Heraclitus had it right when he coined the saying “Change is the only constant.” In the context of Operational Excellence, change is not only something that is inevitable, it is actually the goal.

At its core, Operational Excellence is about the pursuit of perfection - finding problems and opportunities and implementing those improvements. Change will occur along this journey. The question is not whether or not it will occur, it's about how well your organization manages it.

Change can create chaos. Depending on its severity and how defiant the audience is, changes to the “status quo” can have sweeping consequences to employee morale, productivity, and your organization's bottom line.

So how do we most effectively manage the natural issues that arise when processes are innovated?

employee engagement in manufacturing

1) Standardization is key.

The documentation of SOPs (Standard Operating Procedures) is widely regarded as a "must-do" before any organization can undertake process engineering. The process required to document the procedures allows for staff to share insights into what they do and why and enables discussions about efficiency and troubleshooting.

The major reason to document and train on SOPs is that it makes it much easier for staff to recognize and correct deviations that may be affecting product quality and production efficiency.

Documenting procedures can be a very thorough and detailed process. Or you can keep it light. Depending on your organization's acceptance to change and how involved your processes are, it can be easier to start with a light overview and revise in iterations as you move forward.

Feel free to use this document template as a starting point.

2) Consult all stakeholders especially those affected most by the change.

When making changes to a process, it is imperative that the staff that are most affected by the changes are consulted during the improvement process.

Most organizations we work with employ both a “top-down” and “bottom-up” approach to continuous improvement. Top-down projects are initiated by corporate objectives and bottom-up projects are initiated by observations and suggestions from the floor. A good suggestions program is a great way to ensure staff are engaged and feel involved in the process.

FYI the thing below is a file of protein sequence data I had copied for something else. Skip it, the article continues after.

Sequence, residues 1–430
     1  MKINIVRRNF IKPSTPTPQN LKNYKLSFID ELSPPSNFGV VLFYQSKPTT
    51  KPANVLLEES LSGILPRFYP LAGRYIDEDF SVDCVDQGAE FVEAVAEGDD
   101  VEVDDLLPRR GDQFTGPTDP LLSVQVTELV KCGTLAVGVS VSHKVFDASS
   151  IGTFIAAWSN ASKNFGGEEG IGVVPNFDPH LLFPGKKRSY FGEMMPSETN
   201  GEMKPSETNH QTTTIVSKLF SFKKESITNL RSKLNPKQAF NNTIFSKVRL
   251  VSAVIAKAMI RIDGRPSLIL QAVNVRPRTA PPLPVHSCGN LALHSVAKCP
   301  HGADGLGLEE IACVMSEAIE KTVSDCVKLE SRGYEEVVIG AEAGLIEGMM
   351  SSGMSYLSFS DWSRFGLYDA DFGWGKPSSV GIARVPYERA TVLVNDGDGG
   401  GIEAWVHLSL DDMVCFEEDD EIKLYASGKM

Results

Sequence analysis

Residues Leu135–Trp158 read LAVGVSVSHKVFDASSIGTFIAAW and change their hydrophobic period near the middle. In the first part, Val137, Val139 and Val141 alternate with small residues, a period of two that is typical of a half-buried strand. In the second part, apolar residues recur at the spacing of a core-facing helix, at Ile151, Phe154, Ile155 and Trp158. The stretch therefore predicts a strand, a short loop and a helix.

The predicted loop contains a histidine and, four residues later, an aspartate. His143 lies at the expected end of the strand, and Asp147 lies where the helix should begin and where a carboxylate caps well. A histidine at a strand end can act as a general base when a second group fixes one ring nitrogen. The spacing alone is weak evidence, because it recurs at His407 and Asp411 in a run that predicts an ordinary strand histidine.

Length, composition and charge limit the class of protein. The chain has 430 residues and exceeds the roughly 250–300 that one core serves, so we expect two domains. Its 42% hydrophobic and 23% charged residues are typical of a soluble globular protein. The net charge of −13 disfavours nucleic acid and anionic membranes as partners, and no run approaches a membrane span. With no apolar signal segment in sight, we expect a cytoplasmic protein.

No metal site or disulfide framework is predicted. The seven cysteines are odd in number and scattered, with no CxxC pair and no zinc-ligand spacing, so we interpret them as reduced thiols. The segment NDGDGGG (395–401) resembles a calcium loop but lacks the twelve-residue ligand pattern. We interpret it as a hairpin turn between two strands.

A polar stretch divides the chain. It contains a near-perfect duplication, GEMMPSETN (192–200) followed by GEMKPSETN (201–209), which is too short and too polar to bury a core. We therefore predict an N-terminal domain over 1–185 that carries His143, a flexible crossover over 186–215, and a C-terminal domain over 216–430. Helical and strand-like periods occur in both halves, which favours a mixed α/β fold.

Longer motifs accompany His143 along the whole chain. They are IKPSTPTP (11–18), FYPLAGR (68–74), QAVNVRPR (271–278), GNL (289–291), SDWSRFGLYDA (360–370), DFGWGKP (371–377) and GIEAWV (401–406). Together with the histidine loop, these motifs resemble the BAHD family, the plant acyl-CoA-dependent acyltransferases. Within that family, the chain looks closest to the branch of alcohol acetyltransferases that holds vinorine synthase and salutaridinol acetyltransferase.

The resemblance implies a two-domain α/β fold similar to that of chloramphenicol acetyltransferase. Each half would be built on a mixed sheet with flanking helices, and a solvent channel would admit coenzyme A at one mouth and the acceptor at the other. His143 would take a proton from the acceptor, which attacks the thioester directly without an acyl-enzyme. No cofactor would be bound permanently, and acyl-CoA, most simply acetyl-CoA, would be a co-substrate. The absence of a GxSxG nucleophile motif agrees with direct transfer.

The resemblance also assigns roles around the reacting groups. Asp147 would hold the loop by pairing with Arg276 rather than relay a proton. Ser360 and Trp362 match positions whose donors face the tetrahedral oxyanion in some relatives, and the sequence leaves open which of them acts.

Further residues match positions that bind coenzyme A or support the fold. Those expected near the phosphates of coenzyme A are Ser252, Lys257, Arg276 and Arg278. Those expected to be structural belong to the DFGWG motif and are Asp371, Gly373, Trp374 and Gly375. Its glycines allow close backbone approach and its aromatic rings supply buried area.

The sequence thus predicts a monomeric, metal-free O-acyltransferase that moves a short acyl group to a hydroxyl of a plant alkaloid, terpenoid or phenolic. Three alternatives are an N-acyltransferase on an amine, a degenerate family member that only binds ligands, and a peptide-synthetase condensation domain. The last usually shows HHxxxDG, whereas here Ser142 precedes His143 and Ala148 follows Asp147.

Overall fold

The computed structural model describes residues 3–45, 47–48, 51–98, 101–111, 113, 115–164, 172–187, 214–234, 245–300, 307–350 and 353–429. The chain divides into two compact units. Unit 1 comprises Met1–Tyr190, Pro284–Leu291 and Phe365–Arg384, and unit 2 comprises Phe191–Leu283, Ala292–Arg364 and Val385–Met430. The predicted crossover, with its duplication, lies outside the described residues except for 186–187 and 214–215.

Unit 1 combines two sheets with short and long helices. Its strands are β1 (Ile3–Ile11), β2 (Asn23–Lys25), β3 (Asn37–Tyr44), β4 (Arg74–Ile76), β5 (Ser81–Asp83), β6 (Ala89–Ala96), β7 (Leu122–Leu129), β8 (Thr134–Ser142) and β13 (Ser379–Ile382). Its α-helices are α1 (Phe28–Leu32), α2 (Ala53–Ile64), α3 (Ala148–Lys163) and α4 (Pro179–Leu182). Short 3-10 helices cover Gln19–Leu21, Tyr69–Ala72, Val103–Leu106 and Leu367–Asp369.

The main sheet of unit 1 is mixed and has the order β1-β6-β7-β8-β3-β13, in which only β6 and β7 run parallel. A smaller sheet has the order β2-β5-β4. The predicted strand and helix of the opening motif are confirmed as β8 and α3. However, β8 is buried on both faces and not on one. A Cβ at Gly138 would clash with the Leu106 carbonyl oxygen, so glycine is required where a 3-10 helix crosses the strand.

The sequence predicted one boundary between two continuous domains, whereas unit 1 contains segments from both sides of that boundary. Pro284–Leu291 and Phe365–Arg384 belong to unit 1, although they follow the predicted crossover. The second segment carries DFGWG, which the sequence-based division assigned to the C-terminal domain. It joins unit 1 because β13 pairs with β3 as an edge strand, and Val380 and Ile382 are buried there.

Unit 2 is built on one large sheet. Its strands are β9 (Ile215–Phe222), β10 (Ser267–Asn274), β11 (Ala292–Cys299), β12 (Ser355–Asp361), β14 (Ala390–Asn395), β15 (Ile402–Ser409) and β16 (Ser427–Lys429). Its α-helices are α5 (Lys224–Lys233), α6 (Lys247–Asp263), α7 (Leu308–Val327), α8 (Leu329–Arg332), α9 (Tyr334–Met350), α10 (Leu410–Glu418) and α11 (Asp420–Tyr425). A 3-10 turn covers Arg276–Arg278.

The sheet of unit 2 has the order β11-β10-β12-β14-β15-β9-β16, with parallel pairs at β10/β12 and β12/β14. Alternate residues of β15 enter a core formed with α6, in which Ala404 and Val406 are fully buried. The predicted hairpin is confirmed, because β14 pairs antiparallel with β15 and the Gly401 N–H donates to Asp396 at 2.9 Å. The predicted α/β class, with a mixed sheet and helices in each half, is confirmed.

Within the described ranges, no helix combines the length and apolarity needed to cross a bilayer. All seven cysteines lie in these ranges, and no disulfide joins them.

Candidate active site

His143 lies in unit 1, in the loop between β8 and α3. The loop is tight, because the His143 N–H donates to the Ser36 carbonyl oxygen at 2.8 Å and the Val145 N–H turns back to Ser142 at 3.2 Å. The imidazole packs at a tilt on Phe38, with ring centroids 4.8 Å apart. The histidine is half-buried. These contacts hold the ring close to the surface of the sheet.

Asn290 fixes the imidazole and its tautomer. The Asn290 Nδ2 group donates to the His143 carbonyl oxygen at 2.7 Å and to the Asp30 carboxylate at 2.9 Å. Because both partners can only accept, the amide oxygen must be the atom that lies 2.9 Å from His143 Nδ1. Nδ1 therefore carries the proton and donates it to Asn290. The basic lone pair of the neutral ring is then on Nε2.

You can also require operator level approval of document changes and enlist a “champion” to help with the training process if required.

Reporting

3) Take your time.

Unless a corrective action is required immediately to prevent a catastrophe, changes do not have to happen immediately.

In a general sense, if you take a bit more time than you think is required and take “your foot off the gas” a bit, you will find that additional ideas are presented to affect the quality and sustainability of the change. Also - the transition will be more seamless because staff have gotten used to the idea that the process is going to change.

If you are managing a large change, such as new equipment or software on the line, you can always try a phased rollout approach instead of doing everything all at once.

4) Ensure your process is compliant with regulatory requirements.

Food, beverage, pharma and CPG manufacturers are governed by the FDA for document management and approvals. Canadian and EU manufacturers have equivalent regulatory requirements.

Compliance basically requires that manufacturers can be audited on their SOPs and must have an audit trail to track changes. 21 CFR Part 11 governs digital record keeping and storage. Basically - if you are a US food manufacturer, you need to be aware of the regulations and/or use a system that takes care of that for you.

Weever’s platform is Part 11 compliant so we’ve got you covered on that front.

5) Provide a variety of ways for staff to understand the change before you implement it.

People learn in different ways. Some like to see a presentation and ask questions. Some like to review videos and other documentation on their own time and get back to you.

Offering multiple ways for change to be understood will only help the process go as smoothly as possible.

Weever is Operational Excellence Software that empowers the pursuit of perfection by enhancing operational visibility, collaboration and productivity in quality, maintenance, safety and production.

To learn more about how Weever can help you attain results in OpEx, please feel free to get in touch.